Adventurer's Project supports the Road Fork and Whipple Sections of the Buckeye Trail (North Country concurrent) in Noble, Monroe, Washington and Morgan Counties of Ohio.  The photos are taken about every 50yds or less in both directions.  Currently, the photos are being taken at my smartphone's highest possible quality.  As this region's off-road total is about 40 miles, it should produce over 2,600 photos.  That's far more than Buckeye and North Country's hikers have produced at the moment. 

On-road portions have been recorded via video with spoken locations from an automobile.  Aside from that, Google Street View covers some of this area.  So at this point, it's mostly about photographing about 40 miles of off-road paths on foot.  And I'm earning my 2020 North Country Trail 100 Mile Challenge, which I've missed other challenges like this in previous years.

The "geo" part pertains to enabling my smartphone camera's "locator" to produce geotags.  This process embeds the location of where the photo was taken into the properties of the file.  From there, software can be used to extract their coordinates and then embed them into placemarks into a Google KML/ KMZ file.  In terms of the maintenance record, volunteer users can follow the photos, particularly with the GIS/ GPS track of the Road Fork and Whipple Sections.  So, this is to see the trail's line with the photos on an application like Google Earth and probably ArcGIS products?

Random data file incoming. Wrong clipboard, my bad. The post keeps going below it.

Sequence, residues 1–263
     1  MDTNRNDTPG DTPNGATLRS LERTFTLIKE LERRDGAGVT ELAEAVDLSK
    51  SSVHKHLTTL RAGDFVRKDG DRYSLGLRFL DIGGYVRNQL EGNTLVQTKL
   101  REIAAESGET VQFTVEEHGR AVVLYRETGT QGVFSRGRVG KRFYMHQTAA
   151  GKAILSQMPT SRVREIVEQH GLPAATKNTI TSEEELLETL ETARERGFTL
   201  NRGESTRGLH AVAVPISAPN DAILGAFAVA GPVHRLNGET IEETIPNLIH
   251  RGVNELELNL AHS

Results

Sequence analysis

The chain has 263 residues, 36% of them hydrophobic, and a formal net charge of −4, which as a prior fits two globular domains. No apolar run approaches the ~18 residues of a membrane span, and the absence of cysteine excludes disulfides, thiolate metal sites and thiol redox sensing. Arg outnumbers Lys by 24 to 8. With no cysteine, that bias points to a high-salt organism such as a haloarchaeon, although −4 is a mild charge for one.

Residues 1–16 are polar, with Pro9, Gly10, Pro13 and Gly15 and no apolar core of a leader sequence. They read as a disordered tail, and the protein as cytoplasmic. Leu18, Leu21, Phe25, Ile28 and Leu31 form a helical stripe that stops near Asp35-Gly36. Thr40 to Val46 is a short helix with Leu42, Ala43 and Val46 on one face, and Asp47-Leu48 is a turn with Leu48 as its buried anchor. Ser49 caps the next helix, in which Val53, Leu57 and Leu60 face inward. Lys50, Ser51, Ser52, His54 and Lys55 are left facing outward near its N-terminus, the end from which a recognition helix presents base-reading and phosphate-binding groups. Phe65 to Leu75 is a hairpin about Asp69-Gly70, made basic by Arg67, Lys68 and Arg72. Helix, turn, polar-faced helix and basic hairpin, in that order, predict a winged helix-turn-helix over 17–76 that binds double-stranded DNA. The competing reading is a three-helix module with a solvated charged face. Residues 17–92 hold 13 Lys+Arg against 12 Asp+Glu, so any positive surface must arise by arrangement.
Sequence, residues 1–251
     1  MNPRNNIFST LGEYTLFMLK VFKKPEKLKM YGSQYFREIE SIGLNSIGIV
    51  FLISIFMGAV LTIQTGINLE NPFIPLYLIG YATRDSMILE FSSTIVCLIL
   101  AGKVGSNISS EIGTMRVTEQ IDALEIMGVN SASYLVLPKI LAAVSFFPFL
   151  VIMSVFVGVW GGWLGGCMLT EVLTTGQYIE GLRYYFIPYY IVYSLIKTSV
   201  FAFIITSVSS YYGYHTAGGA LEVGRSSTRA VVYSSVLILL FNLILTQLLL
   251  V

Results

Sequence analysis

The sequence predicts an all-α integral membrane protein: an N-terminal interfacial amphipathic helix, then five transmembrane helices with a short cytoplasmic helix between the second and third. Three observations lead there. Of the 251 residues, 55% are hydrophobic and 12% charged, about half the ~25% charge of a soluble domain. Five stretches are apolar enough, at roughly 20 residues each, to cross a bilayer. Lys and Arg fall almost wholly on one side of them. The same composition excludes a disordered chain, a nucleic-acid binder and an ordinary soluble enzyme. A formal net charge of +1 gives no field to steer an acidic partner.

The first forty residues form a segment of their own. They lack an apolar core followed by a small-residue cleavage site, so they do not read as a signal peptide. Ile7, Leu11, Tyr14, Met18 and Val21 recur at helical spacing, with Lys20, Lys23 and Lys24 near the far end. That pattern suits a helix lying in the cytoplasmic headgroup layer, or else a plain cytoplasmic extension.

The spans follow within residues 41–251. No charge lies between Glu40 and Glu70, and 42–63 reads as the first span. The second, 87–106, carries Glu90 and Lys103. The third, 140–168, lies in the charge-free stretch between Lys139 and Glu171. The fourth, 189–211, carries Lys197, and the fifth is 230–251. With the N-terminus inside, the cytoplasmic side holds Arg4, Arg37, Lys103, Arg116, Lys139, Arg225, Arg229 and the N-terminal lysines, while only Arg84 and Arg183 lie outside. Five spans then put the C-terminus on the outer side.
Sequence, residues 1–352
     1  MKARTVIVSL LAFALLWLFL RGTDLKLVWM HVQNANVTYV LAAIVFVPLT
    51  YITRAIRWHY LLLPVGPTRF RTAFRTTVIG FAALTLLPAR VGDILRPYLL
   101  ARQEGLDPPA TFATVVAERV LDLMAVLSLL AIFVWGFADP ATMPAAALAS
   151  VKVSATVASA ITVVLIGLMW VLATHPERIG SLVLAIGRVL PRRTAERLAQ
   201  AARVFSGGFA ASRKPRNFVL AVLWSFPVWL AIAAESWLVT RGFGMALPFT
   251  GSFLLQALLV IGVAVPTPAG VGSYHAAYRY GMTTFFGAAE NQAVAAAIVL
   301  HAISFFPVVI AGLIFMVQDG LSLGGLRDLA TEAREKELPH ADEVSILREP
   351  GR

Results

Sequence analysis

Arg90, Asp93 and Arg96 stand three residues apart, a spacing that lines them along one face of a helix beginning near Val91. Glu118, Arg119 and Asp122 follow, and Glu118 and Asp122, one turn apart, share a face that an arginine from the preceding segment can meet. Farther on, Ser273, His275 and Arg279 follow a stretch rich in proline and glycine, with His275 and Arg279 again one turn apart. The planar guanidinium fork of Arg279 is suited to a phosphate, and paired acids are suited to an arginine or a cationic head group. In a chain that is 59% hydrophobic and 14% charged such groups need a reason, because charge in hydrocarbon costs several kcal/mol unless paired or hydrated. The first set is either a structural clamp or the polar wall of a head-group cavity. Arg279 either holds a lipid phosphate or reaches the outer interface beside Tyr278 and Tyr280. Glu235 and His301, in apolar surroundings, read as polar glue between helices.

In previous years, the camera locator was on by default.  But I like to refer to geotags as "creeper tags."  It's unfortunate because people were physically followed by others when they downloaded their pictures and had the geotags extracted.  They could tell by the days of the week when they took their kids to karate class for instance.

But recently, to enable the geotag feature, there are two safeties.  One is that the phone's locator must be enabled.  When it is, this is what enables the smartphone's mapping and navigation.  The second step is to enable the locator a second time, but in the camera app's settings.  I find it to be a wonderful tool for the trail, but I tend to use it wisely.  As of the time of this post, geotags are automatically stripped by Facebook, but not by every social media company.  Presently, Adventurer's Project is only on Facebook and no other social media service due to insufficient manpower to admin more.

At last count, it takes about 1 hour to photograph 2 miles of off-road footpath here in what I call "Far SE Ohio," which is in the Appalachian Foothills.  That's that's about 4 times faster than it takes to initially blaze (painted navigational markers) one.  But still, the "stop and go" is harder on my body and I haven't scheduled this photographing over 7 round trip miles yet.

So, that just about sums up Adventurer's Project's Geo Photo Catalog.


Whipple Section - Blaze Count Reinstatement Strategy

With the Whipple Section - Buckeye Trail (North Country National Scenic concurrent) re-reinstatement of the proper blaze count in the Marietta Unit of the Wayne National Forest (The Wayne), I should only fill in the missing ones and leave the rest for potential trail adoption.